Extranuclear or nongenomic actions of thyroid hormones are unaffected by the inhibitors of protein synthesis,
their site of action has been localized at the plasma membrane but also in the cytoplasm and organelles such as the mitochondria.
This review takes into account recent major advances in nongenomic effects of thyroid hormones in nervous
system, immune system and cardiovascular tissue, with a particular focus on the plasma membrane receptor integrin αvβ3.
In nerve cells nongenomic effects of thyroid hormones point mainly to a direct modulation of several channels/receptors
for the major neurotransmitters, even though more complex pathways have also been demonstrated. Certain neuroprotective
actions have recently been described for thyronamines, and this may be relevant to Alzheimer’s disease and multiple
sclerosis. The immune system is also modulated nongenomically by thyroid hormones, through potentiation of the effects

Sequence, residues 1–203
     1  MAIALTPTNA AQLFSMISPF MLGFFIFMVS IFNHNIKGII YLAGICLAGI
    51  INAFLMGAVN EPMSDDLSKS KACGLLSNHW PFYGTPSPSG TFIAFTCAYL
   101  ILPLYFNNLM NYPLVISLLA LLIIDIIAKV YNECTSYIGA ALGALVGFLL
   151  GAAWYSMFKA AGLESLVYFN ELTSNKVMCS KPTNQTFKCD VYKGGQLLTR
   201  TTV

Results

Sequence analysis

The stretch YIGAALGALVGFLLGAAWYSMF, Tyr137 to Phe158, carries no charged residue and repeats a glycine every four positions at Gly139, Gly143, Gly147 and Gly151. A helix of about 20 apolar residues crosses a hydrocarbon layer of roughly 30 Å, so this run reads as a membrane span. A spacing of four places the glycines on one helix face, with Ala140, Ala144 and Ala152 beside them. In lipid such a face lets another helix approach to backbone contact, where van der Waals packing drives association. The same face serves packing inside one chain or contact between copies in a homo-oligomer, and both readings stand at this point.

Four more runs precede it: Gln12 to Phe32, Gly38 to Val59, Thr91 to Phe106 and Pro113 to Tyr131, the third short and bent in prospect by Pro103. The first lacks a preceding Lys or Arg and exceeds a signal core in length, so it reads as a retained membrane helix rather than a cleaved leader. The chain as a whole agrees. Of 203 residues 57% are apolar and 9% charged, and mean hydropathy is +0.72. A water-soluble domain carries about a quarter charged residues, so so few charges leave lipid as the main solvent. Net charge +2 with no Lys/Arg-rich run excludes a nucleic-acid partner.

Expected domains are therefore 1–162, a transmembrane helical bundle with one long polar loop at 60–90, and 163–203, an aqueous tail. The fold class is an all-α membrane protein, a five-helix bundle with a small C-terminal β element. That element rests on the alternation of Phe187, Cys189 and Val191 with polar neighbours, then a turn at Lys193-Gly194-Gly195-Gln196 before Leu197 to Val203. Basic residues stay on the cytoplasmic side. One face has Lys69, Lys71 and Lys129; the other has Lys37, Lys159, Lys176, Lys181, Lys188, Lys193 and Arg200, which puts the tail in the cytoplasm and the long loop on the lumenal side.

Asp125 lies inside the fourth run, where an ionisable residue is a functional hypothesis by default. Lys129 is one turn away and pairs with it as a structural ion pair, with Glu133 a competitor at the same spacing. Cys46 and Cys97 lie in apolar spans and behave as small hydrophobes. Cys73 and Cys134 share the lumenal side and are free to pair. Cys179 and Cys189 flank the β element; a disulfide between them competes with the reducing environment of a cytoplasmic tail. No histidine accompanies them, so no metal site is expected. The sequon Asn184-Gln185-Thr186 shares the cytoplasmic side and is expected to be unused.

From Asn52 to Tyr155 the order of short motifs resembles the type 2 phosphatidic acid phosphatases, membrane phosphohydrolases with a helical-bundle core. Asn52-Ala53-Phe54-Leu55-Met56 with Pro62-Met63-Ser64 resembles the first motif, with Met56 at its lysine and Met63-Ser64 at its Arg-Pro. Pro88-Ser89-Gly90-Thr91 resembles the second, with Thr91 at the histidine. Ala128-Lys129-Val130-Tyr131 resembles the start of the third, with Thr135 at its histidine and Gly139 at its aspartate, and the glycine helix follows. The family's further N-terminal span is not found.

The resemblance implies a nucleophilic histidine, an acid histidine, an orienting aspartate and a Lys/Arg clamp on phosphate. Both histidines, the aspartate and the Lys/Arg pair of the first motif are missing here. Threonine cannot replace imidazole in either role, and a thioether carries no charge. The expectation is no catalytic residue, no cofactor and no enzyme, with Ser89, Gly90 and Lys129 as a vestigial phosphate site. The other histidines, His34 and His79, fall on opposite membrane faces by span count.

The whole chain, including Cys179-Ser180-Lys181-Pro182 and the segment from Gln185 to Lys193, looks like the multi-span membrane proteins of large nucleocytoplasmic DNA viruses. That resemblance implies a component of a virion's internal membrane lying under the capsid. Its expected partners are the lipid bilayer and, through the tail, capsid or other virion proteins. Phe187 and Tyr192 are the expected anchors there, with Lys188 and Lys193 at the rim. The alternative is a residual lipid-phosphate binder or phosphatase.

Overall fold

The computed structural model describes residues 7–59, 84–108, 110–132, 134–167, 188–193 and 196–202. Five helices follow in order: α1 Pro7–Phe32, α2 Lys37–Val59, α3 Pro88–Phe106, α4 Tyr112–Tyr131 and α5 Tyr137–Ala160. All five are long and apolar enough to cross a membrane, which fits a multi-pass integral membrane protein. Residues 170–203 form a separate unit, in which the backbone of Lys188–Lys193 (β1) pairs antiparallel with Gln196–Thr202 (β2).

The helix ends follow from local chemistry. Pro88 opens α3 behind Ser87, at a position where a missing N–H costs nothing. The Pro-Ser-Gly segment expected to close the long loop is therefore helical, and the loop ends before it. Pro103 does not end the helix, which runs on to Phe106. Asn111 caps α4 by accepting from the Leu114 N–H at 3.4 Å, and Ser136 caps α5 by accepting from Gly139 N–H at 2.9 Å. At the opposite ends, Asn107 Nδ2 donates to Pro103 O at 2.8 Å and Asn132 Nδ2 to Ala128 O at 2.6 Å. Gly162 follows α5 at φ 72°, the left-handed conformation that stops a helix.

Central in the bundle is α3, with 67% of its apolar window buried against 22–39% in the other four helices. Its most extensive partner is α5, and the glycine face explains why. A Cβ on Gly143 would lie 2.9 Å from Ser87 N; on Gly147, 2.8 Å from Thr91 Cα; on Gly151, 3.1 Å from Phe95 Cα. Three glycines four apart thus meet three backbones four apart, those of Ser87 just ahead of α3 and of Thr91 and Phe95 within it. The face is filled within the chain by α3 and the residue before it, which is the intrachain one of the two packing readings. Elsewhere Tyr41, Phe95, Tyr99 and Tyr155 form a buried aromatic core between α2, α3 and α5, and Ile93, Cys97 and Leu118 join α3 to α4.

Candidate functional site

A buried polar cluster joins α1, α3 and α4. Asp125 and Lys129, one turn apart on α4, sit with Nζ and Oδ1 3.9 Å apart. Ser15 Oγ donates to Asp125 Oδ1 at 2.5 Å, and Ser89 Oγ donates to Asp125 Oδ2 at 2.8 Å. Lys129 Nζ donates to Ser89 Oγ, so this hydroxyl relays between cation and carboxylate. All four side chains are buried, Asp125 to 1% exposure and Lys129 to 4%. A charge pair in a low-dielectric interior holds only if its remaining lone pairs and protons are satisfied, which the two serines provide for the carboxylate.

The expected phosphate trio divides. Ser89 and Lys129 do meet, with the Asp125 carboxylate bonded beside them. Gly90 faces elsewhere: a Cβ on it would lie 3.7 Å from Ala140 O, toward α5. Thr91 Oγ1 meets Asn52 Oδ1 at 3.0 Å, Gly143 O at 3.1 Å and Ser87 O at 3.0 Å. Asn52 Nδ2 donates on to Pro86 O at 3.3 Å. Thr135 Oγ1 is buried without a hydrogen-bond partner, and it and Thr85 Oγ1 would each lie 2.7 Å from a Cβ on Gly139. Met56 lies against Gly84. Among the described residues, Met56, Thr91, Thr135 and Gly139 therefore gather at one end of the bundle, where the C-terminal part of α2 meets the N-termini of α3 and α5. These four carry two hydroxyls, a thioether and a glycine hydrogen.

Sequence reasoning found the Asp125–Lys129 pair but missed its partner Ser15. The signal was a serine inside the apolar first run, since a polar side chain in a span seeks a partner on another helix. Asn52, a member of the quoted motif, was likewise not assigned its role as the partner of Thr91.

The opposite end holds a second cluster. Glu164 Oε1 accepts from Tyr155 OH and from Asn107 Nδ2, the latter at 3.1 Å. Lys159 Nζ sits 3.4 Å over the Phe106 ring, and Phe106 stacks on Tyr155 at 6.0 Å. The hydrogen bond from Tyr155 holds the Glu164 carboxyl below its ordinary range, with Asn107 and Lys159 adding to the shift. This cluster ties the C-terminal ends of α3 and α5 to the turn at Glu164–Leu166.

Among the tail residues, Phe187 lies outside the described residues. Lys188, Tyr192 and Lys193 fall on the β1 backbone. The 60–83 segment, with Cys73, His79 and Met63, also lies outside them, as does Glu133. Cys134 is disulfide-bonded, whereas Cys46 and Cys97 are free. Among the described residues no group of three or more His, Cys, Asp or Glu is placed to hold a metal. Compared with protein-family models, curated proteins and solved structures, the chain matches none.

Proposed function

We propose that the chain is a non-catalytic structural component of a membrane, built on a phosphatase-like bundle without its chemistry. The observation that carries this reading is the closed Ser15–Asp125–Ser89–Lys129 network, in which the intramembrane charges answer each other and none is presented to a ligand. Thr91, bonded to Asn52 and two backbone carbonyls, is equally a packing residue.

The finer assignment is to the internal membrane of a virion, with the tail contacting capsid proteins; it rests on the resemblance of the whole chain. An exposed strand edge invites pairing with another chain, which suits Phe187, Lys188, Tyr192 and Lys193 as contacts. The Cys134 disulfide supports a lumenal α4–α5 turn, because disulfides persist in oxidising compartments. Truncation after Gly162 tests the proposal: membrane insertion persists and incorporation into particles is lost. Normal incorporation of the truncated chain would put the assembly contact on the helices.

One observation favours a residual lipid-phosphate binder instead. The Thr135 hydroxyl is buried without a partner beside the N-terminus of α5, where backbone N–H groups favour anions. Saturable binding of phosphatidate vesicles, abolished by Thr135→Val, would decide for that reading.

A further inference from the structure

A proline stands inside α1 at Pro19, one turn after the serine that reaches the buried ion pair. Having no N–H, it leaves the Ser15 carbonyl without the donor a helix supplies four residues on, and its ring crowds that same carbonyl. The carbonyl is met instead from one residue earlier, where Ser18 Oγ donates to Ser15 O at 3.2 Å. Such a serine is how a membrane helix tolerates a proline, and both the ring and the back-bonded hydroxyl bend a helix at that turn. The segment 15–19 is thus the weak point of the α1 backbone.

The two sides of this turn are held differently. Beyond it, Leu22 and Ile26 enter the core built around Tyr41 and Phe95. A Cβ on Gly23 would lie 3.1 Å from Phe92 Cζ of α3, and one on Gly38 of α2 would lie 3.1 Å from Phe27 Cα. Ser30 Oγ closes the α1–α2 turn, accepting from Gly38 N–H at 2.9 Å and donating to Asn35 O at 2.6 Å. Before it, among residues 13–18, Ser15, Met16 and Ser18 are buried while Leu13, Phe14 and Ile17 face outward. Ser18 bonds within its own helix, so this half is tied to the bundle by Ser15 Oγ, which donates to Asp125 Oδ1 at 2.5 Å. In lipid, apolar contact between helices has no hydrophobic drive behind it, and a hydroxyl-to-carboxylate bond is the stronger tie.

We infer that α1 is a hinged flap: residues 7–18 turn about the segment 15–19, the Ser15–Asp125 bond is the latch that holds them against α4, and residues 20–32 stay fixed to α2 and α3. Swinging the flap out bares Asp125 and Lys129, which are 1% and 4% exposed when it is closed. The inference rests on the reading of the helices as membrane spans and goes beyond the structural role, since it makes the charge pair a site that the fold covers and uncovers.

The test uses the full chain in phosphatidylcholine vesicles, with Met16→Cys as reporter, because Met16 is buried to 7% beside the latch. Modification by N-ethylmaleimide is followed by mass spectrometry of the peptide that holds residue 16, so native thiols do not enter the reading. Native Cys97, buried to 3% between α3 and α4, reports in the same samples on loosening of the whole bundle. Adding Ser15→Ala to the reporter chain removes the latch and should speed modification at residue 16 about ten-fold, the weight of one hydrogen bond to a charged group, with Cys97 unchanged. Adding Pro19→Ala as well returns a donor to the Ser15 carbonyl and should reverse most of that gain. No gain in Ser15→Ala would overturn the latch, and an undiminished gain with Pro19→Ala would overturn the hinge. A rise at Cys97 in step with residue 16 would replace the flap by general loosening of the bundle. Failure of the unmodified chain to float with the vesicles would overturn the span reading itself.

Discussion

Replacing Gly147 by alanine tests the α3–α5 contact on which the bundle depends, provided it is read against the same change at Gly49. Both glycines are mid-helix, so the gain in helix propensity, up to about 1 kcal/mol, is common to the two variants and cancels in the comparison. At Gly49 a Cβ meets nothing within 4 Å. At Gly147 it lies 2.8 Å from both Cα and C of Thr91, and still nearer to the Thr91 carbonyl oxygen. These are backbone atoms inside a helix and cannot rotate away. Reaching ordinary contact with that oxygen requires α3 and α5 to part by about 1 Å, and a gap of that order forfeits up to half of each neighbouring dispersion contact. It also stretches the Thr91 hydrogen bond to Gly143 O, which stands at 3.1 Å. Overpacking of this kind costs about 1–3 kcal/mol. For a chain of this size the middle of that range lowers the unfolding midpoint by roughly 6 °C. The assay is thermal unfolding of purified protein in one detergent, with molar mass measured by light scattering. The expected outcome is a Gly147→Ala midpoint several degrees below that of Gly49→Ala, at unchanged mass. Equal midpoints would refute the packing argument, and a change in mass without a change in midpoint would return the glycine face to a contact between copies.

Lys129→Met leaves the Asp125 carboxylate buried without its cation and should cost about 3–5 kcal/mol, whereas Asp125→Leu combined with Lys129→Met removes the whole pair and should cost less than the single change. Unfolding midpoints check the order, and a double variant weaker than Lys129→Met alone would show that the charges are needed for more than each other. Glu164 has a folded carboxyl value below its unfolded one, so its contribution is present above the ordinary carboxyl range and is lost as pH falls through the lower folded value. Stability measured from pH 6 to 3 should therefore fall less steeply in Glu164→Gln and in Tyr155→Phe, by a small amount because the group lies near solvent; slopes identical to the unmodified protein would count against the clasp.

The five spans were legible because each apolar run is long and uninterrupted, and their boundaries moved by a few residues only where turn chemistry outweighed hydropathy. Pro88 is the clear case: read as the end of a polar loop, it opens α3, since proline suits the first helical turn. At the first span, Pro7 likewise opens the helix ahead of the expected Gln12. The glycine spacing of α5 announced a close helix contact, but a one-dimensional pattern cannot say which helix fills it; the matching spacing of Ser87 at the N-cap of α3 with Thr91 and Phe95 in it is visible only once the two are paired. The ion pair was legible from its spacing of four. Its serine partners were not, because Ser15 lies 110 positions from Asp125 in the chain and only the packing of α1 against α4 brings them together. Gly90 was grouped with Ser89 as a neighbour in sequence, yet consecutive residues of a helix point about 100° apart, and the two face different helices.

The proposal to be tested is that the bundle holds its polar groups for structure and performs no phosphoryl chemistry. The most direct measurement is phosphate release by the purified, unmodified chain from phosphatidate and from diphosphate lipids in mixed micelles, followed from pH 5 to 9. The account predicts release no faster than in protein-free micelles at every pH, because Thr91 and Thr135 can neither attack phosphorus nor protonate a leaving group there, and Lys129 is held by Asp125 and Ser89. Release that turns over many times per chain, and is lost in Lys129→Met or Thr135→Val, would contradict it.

of cytokines such as IFN-γ or lipopolysaccharide, or through activators of STAT protein leading to activation of the
mammalian target of rapamycin (mTOR) pathway, a highly conserved kinase downstream target of nongenomic actions
of thyroid hormone. The mTOR system is also involved in the cardioprotection mechanisms, where thyroid hormone signaling
through the receptor integrin αvβ3 may play an important role that needs to be further studied. The identification of
integrin αvβ3 as a plasma membrane receptor for thyroid hormones has provided a new perspective on the role of these
hormones in cellular defense. Analogs of thyroid hormones, inhibitors and agonists at the integrin receptor for the hormone
and mTOR inhibitors are evaluated as areas of emphasis for therapeutic research.
Keywords: Cardiovascular system, immune system, integrin, ion transport, MAPK, mTOR, Na+/K+-ATPase, nerve cells.
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